So if you insist on keeping your money in cash, where can you put it to get a decent return? The website www.interest-rates.org.uk can help supply the answer to this question. Simply select the option "compare offshore bank rates", stipulate your currency and the amount you wish to invest, and the calculator will tell you which offshore bank is giving the best rate. For a deposit of £20,000, it suggests the Anglo-Irish Privilege 30-Day Notice Account where interest is paid at 4.4 per cent whereas most of its competitors are offering around, say, returns of 3 per cent annually. Anglo Irish also comes up trumps with US dollar deposits. It is offering 2.1 per cent annually for deposits in excess of US$5,000. This is twice as much as most of its competitors, but, interestingly, is less than the rates currently available in dirhams in local banks. Since the dirham is pegged to the US dollar, investing in that currency is the same as investing in the US currency. HSBC, for example, is offering 5.3 per cent annually with its online e-Saver account with no minimum deposit required. Even higher rates are available with the UAE's National Bond Corporation, which has recently announced profits on savings at 7.07 per cent for 2008. Account holders also have the chance of winning prizes of as much as Dh1 million.
If you want to hold your money in US dollars, these and other local institutions are definitely worth investigation, though you should be aware that all assets held in the UAE are subject to Sharia'a Law. In the event of death of an account holder, the assets will be frozen to assist with payments to creditors and the eventual distribution will be in accordance with Sharia'a Law - which may not mesh with your own wishes.
If you want even higher rates, you will have to go off the beaten track to a boutique company operating in a niche market. Australia is about as far away as you can get from the beaten track, but its financial institutions have been at the forefront in developing innovative products and supporting them with a world-class regulatory environment. LM Investments takes in deposits from private, mainly expatriate, investors and lends the money to Australian blue-chip companies seeking to buy commercial property, factories and warehousing to develop their business. Loans are made in Australian dollars, but through the purchase of forward foreign exchange contracts, LM Investment is able to offer deposit interest in 17 different currencies.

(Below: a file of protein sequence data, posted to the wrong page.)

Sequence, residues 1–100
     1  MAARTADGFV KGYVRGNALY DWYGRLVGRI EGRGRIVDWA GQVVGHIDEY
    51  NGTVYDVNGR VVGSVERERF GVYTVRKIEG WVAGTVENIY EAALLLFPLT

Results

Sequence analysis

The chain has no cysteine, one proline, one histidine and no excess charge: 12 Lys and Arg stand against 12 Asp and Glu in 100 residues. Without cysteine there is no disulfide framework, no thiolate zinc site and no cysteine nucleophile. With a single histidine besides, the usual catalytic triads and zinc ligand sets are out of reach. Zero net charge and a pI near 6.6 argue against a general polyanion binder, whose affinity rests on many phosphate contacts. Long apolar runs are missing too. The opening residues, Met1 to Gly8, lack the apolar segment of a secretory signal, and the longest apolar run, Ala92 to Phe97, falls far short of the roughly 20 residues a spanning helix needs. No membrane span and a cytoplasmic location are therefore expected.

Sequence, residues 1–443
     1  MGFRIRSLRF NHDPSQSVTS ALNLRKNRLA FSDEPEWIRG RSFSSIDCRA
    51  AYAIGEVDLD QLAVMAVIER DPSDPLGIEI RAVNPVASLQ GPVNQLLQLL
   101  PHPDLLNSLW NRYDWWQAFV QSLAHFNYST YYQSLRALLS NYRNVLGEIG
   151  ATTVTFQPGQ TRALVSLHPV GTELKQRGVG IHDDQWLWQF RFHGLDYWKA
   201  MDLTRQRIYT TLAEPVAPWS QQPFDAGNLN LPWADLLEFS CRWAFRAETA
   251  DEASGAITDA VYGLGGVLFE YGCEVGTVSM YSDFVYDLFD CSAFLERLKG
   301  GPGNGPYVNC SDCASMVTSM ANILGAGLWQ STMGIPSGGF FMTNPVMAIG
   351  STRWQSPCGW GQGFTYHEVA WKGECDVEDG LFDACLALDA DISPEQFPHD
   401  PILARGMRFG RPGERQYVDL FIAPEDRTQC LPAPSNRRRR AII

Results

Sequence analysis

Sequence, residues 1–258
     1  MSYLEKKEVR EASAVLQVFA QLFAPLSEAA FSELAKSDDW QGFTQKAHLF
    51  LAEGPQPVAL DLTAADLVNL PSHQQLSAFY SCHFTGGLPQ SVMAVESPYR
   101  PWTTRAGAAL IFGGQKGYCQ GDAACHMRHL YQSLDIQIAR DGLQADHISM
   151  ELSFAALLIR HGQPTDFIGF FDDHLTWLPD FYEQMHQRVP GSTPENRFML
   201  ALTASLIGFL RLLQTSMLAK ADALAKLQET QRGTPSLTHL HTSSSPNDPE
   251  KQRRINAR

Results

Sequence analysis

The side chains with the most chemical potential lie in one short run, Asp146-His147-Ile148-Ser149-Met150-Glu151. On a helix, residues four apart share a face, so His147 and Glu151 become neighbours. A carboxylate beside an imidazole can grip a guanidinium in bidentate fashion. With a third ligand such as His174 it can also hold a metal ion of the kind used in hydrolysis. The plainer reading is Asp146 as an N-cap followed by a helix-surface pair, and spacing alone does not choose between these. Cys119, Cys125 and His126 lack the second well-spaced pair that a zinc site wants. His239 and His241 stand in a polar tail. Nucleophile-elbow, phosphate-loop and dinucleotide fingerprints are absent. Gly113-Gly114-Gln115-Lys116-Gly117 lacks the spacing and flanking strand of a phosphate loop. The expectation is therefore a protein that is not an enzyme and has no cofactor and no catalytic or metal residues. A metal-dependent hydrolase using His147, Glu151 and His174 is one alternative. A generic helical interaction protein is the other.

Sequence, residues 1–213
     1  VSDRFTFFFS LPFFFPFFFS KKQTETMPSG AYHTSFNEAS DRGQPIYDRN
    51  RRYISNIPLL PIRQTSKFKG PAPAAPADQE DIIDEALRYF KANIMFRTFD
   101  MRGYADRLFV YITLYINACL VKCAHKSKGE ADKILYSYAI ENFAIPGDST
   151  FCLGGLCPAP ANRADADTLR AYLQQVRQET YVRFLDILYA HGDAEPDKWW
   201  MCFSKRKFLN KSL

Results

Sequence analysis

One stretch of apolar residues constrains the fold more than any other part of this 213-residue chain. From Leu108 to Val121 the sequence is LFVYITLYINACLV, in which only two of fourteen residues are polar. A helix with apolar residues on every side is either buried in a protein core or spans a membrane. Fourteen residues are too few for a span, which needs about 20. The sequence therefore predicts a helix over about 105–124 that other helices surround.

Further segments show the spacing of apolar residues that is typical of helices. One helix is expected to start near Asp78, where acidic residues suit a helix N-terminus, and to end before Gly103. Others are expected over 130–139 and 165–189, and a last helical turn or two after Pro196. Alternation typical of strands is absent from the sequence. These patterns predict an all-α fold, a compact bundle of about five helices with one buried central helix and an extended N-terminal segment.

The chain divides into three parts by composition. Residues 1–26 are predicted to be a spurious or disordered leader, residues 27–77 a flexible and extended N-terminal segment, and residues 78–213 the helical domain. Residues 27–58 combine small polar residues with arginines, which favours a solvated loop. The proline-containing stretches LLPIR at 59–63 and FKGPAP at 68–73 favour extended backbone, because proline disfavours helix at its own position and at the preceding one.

It offers high interest rates partly because, in these credit-restricted times, they can charge correspondingly high rates to their borrowers and because they share their own forecast profits with their saving customers. This opportunity will last as long as international banks are reluctant to resume lending to customers and, more importantly, to one another. LM has an excellent track record, a strong financial rating and, through a cautious approach to lending, a very low default rate on loans that international banks would die for. Interest rates on LM's Managed Performance Fund for a 12-month term are currently at 5.8 per cent to 8.5 per cent in US dollars, and 8.1 per cent to 10.8 per cent in British pounds, depending on the amount invested and the investment structure chosen. These rates are net of all charges and Australian withholding tax.
Bill Davey is a financial adviser at Mondial-Financial Partners Dubai. If you have any questions on this article or any other financial matter, contact him at email@example.com